Yours, respectfully, wind in the paunch, and the tar occasions eructa-cow before the calf sucks, so that it may get the best

H. W. HARRINGTON." tions, by which the wind is discharged and the ani- milk; when weaned, I boil the milk and let it stand mal relieved.

to cool, before giving it--simply making the milk I have known the same remedy applied to horned warm is not near so good, and brings on a loose

AGRICULTURAL INQUIRIES. cattle with like success. In fact, I never knew it ness; after a week, I tie up a bunch of the sweetest

Wayne county, (Georgia) 15th April, 1825. fail.

hay and hang it so as to swing about when the call Mr. Skinner, When horned cattle are attacked, I have seen touches it—this will induce it to smell and play You will do me a favour, to have the goodness to them relieved by making a hole with a knife or with it, and it soon begins eating it; give it ground inform me what will be the cost of a cob mill, to other sharp pointed instrument, in the side of the oats and corn meal in a trough or tub, it will soon grind corn with and without the cob. animal, and into the paunch, so as to let the air lick and eat it. The milk should be given three escape in that way. I'have known this operation times a day, the hay once, and meal once; two mills to enable him to answer the above inquiry.]

[The Editor will thank any manufacturer of such to be performed successfully, but we never, on our quarts of milk is sufficient for a meal three times a farm, did any thing more in such cases, than mere- day, more at once brings on the skit or looseness, ly to apply the tarred rope.

which is the worst thing that can happen to a young In turning cattle or sheep into clover early in the call; the quantity to be increased after a month spring, care should be taken if the clover is rank, old. The tirst winter, the calf should be kept on the Extract to the Editor, from one of the Trustees of the

Massachusetts Agricultural Society. that ihey should not be turned in while there is best hay, with potatoes, turnips, mangel wurtzel, or much dew or wet on the clover, as when in that some juicy esculent, in quantities sufficient to keep "In reciting the good deeds of Admiral Sir Isaac state it has a much greater tendency to wad, and its skin loose and give it an appetite for the hay; it Coffin, and he certainly has done nobly—you give injure them. They should also be driven about should be kept dry and clean, but not warm, the him credit for giving us the English Dray Horse continually for 15 or 20 minutes after being turned latter filling them with lice, which is very injurious Columbus—that is a mistake; it was presented by in, to prevent their eating too greedily, and thus to them an open shed is best for them, kept well his brother, GENERAL Corrin; and I am very cerinjure ihemselves.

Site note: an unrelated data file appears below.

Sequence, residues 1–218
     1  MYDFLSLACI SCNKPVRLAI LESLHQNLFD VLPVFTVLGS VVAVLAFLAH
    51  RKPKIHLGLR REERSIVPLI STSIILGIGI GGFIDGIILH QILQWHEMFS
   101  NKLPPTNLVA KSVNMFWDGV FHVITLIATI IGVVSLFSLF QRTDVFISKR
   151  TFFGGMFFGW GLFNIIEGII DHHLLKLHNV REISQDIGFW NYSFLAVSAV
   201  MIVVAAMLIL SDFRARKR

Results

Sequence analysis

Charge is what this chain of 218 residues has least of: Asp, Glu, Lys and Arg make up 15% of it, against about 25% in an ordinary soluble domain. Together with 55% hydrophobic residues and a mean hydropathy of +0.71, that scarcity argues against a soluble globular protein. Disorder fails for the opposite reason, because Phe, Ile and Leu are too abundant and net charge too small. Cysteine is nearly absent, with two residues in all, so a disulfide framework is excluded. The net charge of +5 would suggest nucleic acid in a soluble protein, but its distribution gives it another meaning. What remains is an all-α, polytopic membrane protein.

littered. The second winter, they may run in a tain, the Admiral himself would thank us for corVery respectfully yours.

jard, and be fed with coarse hay. They may take recting the error."
the bull when 15 months old, sooner stunts them.

Calves should be kept separate, otherwise they
ON THE MANAGEMENT OF MILK COWS AND REARING suck each other's ears, and teaze one another when

HORTICULTURE.
they should lay quiet and sleep.
Carrington, April 27th, 1825.

Truly yours,

THOMAS MASSEY.
Having read a good deal concerning fine cattle,
Short Horns, Alderneys, Herefordshires, &c., and

Harewood, Montgomery county, Md. 5th mo. 2d, 1825. little wrote or published on the subject of making

PROSPECT OF CROPS.

Respected Friend, and managing them, I have given you my plan, and

In No. 36 of the 6th volume of the American Farshould any of your readers put me in a better way,

Hall's Roads, 30th April, 1825. I have observed a hint from Charles E. Row. shall be much indebted to them.

Until within a few days, my prospect for a good, and that individuals who have obtained from him A cow,

before calving, should be tolerable beef. very good crop of wheat was most promising; oh- cuttings of the nondescript or Cherokee rose, should I never had a cow that was lean and weak at the serving it to assume a yellow appearance, 1 yester avail themselves of that channel to diffuse the knowtime of her calving, that ever milked more than day examined it, and find that almost every stalk ledge of an article that promises considerable benehalf as well as she did when she was fat and of contains a small white worm, about 1-8 of an inch lit to the agricultural interest of this section of our course strong. A good cow should give at least 9 (some smaller) in length. I supposed it was the